For many players in the American Basketball Association, a semi-pro minor league founded in 1999, the league is a stepping stone, a chance to get their name out there for overseas professional opportunities.
For Ezra Kiedrowski, a 2002 Lodi High graduate, Stockton’s Team Trouble represents a second chance to enjoy a basketball career that was cut short by addiction and prison time.
“I’m 35, I’m just looking to have fun, play basketball and make a little extra money,” said Kiedrowski.
It’s been a long, twisting road for Kiedrowski, a gifted player who never shied away from taking a big shot during his high school days.
“He was one of the best players in the league during his senior year and really catapulted us to a league championship,” said former Lodi High coach Ken Green, who now coaches at St. Mary’s. “Ezra was the catalyst for our success. He wasn’t afraid to take big shots. He had an exuberant personality and an enthusiasm for the game that spread throughout the team.”
A sharpshooter with the ability to drive to the basket and set up his teammates, few questioned Kiedrowski’s ability to play at the next level. His actions off the court, however, were cause for concern.
After graduating from Lodi High, he went to Cabrillo College in Aptos for a season, where his off-the-court troubles derailed his basketball career.
“I was going to transfer, and that’s when things took a turn,” Kiedrowski said. “I got mixed up in drugs and went to prison for a couple of bank robberies.”
Kiedrowski got back into the sports world as an assistant coach for basketball and baseball at Elliot Christian. He whipped himself back into shape and tried out for the Reno Bighorns of the NBA G-League (now the Stockton Kings).
When that didn’t work out, he caught on with the Yuba City Goldminers for a season, and has played for Team Trouble the past three seasons.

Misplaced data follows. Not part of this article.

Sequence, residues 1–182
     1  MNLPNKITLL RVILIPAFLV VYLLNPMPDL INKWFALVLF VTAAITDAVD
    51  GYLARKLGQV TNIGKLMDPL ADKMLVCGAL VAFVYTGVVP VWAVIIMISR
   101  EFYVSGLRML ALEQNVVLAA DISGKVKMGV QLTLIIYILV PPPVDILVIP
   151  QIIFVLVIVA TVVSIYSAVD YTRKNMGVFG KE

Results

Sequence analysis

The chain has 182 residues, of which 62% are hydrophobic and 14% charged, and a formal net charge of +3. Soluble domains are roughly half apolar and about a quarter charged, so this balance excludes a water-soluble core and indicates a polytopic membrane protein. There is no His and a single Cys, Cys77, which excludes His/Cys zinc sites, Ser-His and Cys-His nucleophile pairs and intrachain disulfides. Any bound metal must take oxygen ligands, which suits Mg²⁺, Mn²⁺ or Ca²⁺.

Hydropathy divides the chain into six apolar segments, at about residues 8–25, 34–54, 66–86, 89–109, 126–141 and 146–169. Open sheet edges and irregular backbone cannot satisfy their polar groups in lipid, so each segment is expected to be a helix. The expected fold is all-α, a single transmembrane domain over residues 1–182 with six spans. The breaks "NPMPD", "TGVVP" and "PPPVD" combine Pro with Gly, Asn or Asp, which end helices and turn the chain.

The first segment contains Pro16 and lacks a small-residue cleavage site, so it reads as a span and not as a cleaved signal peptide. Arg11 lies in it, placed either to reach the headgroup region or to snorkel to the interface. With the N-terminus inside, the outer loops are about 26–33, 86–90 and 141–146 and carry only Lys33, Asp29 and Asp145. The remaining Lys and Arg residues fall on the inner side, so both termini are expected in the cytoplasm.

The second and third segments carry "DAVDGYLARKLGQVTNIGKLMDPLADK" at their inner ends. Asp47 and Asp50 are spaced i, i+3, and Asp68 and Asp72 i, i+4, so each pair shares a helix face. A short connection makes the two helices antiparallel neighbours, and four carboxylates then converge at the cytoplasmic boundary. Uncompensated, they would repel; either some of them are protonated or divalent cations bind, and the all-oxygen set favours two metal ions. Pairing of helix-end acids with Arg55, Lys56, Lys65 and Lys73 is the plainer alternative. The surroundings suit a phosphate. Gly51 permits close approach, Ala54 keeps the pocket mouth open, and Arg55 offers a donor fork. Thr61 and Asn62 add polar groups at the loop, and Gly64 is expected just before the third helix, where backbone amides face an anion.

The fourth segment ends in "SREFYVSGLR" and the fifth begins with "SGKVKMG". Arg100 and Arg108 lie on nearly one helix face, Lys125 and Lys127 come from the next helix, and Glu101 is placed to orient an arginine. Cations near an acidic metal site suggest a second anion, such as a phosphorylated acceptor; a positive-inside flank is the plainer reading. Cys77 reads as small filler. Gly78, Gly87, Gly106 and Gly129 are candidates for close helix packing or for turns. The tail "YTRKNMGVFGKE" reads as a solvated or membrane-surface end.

Teammate Ryan Gaarder is a 2010 Lodi High grad who is an assistant coach at Venture Academy in Stockton. Gaarder also went the junior college route, playing two years at Delta College.
“After that, I took maybe three, four years off of basketball,” Gaarder said. “I still have all my teammates that I’m still good friends with. My teammate, Eric King, he told me about it, told me to try out and see what happens.”
King is the head coach at Venture Academy, with Gaarder as his assistant.
As the elder statesman, Kiedrowski says he just wants to be a positive example.
“I’ve had my struggles,” he said. “And I don’t know if there’s enough positive examples out there. I’ve overcome obesity, heroin addiction — a lot.
“I got kids, too, so I just try to get better every day.”
Getting and staying better means a few things are off limits. As he gets older, Kiedrowski’s body protests more under the strains of high-level hoops. He had surgery for a hernia in 2016 (his third in the past 15 years), and began this season on the bench recovering from a torn meniscus in his left knee. He also spent the 2018-19 season with three small tears in his rotator cuff. Through all of those, Kiedrowski says he hasn’t had a single pain pill.
“I just can’t. I know myself,’ he said. “It’s kind of mind over matter. There’s natural remedies, too. Like there’s ice, there’s other ways. It’s too easy to fall into that trap, and I promised my family.”
Kiedrowski wrote a manuscript about his journey earlier this year, and hopes to get it edited and published.
Early in December, the shooting guard was in physical therapy working to get back on the court. He made his season debut on Jan. 4, recording two rebounds, an assist and two steals in a 115-93 loss to the San Diego Kings.
“I’d like to think of it as year to year, but more or less, I wanted to play five years,” Kiedrowski said.
Team Trouble has had a few homes in Kiedrowski’s time with the team. After playing home games in Manteca last year, the team plays its games at St. Mary’s High in Stockton.
The team plays roughly once a week, and admission is free. Information about the team can be found at www.team
The ABA was founded in 1999 and consists of 120 teams, with 25 in the Far West Region. The Jacksonville Giants have won the title four years in a row.
Kiedrowski said the competition level is as good as the college game, with two members of the Stockton squad moving to international play in the past two years.
“A lot of guys that played at a high level in college, from NAIA to Division I, when they finished their college career, they’re trying to keep something alive,” Gaarder said. “It’s a semi-professional league, so guys use it for game film to send out to try to go overseas and keep the dream alive. It’s really competitive.”
Green recently caught up with Kiedrowski at an alumni game, and he was happy to see his former player getting his life in order.
“It was good to see him on his feet, moving in the right direction,” Green said. “I don’t think we’ve seen the best of him, and that’s exciting. There is redemption for all that seek it, and he’s been given a second chance and is making the most of it.”
News-Sentinel Editor Scott Howell contributed to this report.